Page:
Skywatch Friday

Missouri calendar:

  • Eastern moles are active in tunnels deep underground.

A flash of red in a world of gray

Thursday, January 28th, 2010


This is a scene out of the kitchen window of my house in suburbia. It arrested my eye when I happened to glance out, and I grabbed my camera to capture the shot. (Note, this is shot through two panes of, ahem, dirty glass, and the zoom is set to its absolute maximum. Also, the unrelenting gray skies of recent days did not offer the best lighting for capturing color. Still, I tried.)

We have several feeders in our backyard, filled with safflower seed. It’s a bit more expensive than regular bird seed, but it is not much liked by starlings — the motorcycle gang of feeder visitors — and it is apparently liked by the rest of the winged kingdom (as well as by squirrels and chipmunks). There are times when I’ve counted nine cardinals in the cypress tree in our yard, all waiting their turn at the feeders.

Notice the mottling on this cardinal. I would normally attribute these whitish patches to the inadequacy of my camera and the lighting conditions, but I have seen this particular cardinal in our yard frequently this winter. It is truly colored that way. Perhaps this is what is termed leucistic, in which pigment is not evenly distributed, though I don’t tread confidently into this kind of science.

This coloration is sometimes called “pied” which means having two different colors. The Pied Piper of Hamlin got that name, supposedly, from the color of his clothes, not his own pigment distribution. The word “piebald” could also apply, though it generally refers to a combination of black and white. Flike is piebald. The “bald” part is an old word for “white” which is how the bald eagle got its name — from its white head.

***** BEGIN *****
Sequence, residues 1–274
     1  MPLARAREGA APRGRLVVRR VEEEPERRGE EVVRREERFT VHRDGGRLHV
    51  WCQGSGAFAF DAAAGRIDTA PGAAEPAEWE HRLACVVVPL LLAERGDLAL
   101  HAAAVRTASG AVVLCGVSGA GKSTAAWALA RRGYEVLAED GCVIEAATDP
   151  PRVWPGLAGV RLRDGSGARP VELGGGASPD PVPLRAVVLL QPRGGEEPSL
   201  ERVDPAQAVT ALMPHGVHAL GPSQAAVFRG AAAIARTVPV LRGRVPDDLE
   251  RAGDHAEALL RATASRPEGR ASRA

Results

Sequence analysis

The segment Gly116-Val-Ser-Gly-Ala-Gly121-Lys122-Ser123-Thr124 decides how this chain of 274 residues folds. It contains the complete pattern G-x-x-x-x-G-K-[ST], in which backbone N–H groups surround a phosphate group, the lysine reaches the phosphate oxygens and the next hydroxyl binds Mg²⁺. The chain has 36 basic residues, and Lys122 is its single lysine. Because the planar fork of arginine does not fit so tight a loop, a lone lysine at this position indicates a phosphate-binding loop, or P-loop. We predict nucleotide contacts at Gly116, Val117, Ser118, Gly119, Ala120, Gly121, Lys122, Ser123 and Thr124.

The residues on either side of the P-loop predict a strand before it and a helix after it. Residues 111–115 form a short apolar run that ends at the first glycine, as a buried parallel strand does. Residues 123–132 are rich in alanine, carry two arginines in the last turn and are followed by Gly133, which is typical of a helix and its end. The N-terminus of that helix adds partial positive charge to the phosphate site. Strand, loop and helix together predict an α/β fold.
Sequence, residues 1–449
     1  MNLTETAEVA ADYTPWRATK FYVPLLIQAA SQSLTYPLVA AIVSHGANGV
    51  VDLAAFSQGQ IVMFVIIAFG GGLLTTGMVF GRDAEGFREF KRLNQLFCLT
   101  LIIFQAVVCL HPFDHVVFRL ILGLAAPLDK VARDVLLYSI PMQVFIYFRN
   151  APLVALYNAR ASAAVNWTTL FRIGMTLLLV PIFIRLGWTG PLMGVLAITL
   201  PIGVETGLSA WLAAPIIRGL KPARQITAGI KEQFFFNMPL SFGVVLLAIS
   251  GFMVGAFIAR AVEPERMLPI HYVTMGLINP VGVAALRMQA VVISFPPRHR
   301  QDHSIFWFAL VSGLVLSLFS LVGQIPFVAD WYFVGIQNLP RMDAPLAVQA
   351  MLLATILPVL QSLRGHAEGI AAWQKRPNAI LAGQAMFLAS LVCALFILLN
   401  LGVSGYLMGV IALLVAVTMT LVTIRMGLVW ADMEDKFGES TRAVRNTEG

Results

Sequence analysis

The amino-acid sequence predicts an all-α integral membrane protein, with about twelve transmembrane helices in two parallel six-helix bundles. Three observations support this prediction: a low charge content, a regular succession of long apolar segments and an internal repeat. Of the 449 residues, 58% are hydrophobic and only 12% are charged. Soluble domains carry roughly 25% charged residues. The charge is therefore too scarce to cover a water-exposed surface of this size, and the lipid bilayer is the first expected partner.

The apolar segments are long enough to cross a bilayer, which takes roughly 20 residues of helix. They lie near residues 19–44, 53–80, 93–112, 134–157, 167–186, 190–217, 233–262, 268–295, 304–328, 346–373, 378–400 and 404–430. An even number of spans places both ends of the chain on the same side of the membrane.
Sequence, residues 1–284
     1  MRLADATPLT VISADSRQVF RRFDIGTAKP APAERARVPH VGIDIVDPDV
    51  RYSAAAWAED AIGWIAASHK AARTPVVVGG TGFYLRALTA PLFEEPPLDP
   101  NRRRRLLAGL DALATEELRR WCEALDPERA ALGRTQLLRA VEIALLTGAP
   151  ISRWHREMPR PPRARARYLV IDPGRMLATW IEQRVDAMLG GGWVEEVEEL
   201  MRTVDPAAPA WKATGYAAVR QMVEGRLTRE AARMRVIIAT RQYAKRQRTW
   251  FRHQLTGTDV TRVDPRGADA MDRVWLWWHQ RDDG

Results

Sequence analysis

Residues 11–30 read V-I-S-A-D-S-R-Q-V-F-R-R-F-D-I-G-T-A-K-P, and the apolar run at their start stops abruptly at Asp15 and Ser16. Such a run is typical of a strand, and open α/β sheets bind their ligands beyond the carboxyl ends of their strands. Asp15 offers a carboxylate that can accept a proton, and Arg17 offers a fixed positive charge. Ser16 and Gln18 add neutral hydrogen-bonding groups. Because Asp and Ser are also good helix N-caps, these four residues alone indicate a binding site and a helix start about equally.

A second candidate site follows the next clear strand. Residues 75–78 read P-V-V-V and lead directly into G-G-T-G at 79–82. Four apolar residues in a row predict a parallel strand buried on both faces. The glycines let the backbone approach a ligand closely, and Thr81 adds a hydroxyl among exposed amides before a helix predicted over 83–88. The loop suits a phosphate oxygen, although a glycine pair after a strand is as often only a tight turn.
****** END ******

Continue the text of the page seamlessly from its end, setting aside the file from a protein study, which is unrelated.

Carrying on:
Missouri calendar:

  • The Missouri Natural Events Calendar is blank for today.

Acorn cache

Wednesday, January 27th, 2010


On the way back from our hike on our last trip to Roundrock, I paused by a tree near where we plan to build our home someday, and I spotted this little vignette. Some critter, probably a bluejay, had cached this acorn in this scruffy oak’s bark.

Many birds will store food in tree bark, but bluejays are the most common in our area. I think it would take a larger bird to transport an acorn. In our hikes I’ll sometimes find peanut shells far in the forest from where I leave them on the log near the Cabin at the End of the Road. I’ve watched the crows visit the peanuts. Usually they’ll swallow one whole and then carry off a second one. It’s not surprising that I would find the empty shells here and there (and on our hikes, if I remember to do it, I sometimes leave piles of peanuts on logs deep in the woods, so finding the shells scattered is not unlikely.

I just like the idea of knowing that the forest is a busy place even when we’re not around. And it reminds me that there is always something interesting to see in the forest if I just take the time to look for it.

Missouri calendar:

  • Watch for chickadees feeding on insects in bark crevices.

A mystery worthy of the Great Detective

Tuesday, January 26th, 2010

Flike, the best dog ever, has learned to jump on the furniture. It was inevitable. He is big (40 pounds according to the vet) and strong, with long legs and an ever-curious spirit. Once he learned he could leap onto our bed, he made that his favored place to sleep at night. (It’s not so bad. He curls into a ball down by our legs.) And if he wants to jump on Libby for some cuddling while she’s reading a book in the comfort of her recliner, he can do so. He hasn’t gotten onto any tables, but he can certainly put his front paws up there and see whatever might be hidden there. He snagged a whole sandwich once that way.

Among his victims is a pink love seat in our front room. In order to get a toy or to get Queequeg or to get into trouble, he jumped up there the other day, knocking the blanket askew and upsetting the cushion. And that little incident led to a mystery.

When Libby was busy putting the love seat back together, she found something hidden beneath the cushion. There was a book sitting there inside a Barnes and Noble bag. She didn’t remember hiding anything there. She’d never seen it before. So she took the book out of the bag and realized that it was a gift for me. (Nice how that worked out, isn’t it?).